Capitol culinary credentials, go-go music greats and the coolest (non-smithsonian) museums in Washington, D.C.
THIS CITY IS SO MUCH MORE than the White House, monuments and memorials. It’s an unexpected culinary capital with serious chops, recently gaining its own Michelin Guide, one of only four created for cities in the United States. James Beard Foundation Award-winning chef José Andrés has a handful of restaurants featured in the guide, including downtown’s China Chilcano, which features playful takes on Peru’s eclectic Chinese- and Japanese-influenced cuisine. Find a spot at the sushi bar, grab a mouth-puckering pisco sour and alternate bites of soft sashimi and crunchy plantain and taro root chips dunked in a Chinese five-spice dip. History buffs should head to 1789 ( right), an upscale contemporary American restaurant in a Federal Period house in Georgetown, the city’s oldest — and arguably most charming — neighbourhood. Dine on seasonal fare (think wild ramp risotto and soft-shell crab) while surrounded by antiques, historical prints and Limoges china. chinachilcano.com, 1789restaurant.com
WHAT’S DINNER WITHOUT A LITTLE DANCING? Go-go music — a subgenre rooted in funk, soul and old-school hip-hop — is quintessentially D.C., conceived in the Washington metropolitan area in the 1970s by the late guitarist and singer Chuck Brown. For more than three decades, the 11-member go-go band Rare Essence has helped keep go-go alive with energetic performances at clubs and festivals. Concertgoers will want to check out 9:30 Club ( left) in the U Street neighbourhood for exciting up-and-comers in nearly every genre. Called the “best big room” venue in America by Rolling Stone, this 1,200-person capacity, standingroom-only club has its origins in the 1980s hardcore, punk and alt-rock scenes, hosting now famous but then little-known acts such as Nirvana and Black Flag. Don’t leave without visiting the 9:30 Hall of Records, a collection of music from every artist that has ever played the venue. rareessence.com, 930.com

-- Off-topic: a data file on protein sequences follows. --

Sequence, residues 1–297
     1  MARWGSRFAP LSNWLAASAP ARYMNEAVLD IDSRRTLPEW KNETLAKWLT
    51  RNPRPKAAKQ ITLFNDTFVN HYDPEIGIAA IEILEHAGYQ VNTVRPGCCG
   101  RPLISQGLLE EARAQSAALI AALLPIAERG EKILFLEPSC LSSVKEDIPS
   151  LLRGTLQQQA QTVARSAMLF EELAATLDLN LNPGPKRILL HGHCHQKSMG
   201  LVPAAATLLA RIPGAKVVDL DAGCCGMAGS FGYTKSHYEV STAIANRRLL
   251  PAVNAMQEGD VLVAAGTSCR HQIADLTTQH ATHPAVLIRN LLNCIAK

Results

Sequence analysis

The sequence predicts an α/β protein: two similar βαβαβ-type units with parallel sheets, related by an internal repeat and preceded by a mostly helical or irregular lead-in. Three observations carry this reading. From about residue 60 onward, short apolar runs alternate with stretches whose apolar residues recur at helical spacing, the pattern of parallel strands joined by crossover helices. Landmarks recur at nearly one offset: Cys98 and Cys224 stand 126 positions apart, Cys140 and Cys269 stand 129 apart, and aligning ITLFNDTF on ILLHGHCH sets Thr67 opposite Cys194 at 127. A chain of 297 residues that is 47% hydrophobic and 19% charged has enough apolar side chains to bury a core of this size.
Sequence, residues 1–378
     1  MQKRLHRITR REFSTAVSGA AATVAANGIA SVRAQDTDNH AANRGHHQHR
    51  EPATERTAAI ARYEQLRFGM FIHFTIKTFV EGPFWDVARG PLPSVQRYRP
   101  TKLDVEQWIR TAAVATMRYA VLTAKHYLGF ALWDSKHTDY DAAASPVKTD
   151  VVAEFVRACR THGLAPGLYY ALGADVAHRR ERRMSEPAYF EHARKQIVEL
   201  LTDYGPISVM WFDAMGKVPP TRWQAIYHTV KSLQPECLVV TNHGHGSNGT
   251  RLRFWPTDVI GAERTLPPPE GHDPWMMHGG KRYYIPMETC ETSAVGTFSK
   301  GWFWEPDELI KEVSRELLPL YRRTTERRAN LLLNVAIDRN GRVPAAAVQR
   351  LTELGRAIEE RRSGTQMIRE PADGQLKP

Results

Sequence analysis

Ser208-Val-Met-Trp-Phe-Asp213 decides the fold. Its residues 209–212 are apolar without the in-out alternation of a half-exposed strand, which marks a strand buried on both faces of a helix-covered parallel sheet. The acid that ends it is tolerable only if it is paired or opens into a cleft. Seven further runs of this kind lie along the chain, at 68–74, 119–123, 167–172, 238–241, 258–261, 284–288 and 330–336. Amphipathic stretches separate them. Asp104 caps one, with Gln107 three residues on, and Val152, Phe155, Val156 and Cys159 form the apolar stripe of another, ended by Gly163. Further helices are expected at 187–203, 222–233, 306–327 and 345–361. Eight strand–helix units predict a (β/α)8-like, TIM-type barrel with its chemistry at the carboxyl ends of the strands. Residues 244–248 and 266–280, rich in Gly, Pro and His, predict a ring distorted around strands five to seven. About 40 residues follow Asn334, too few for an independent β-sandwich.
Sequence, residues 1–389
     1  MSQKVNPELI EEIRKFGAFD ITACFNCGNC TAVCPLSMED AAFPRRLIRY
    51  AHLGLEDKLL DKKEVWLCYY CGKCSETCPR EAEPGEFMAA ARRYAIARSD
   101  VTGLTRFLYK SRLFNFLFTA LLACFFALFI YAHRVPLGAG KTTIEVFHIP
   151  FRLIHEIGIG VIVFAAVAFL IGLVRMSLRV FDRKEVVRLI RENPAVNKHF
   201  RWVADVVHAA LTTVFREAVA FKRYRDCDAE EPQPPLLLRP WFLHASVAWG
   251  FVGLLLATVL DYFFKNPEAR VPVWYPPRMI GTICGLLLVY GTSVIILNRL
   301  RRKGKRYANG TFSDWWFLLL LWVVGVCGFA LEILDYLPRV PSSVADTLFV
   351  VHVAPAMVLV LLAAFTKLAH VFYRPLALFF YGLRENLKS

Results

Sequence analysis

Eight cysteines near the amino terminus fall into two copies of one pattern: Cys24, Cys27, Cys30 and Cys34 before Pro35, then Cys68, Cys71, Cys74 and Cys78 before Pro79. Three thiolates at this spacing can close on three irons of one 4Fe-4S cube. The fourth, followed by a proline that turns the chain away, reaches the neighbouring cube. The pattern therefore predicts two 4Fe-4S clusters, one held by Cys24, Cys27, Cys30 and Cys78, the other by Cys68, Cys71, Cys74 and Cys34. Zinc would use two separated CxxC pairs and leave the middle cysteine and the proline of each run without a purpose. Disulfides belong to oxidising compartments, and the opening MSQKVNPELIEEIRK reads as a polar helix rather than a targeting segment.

D.C. IS BRIMMING with top-notch museums, but ditch the masses at the Smithsonians lining the National Mall (for now, anyway) and walk a few blocks north to some lesser-known collections. The International Spy Museum is the only museum in the United States dedicated to espionage and features the largest public collection of its kind in the world, including disguised weapons such as the lipstick pistol, miniature cameras and listening devices, KGB artifacts and spy training films from the Second World War. Dedicate an afternoon to free expression at the Newseum ( right), near the Capitol building. This interactive museum devoted to journalism and defending the First Amendment of the United States Constitution has 15 fascinating galleries in which you can explore topics such as the rise and fall of the Berlin Wall, the 9/11 attacks and every Pulitzer Prize-winning photograph since 1942. spymuseum.org, newseum.org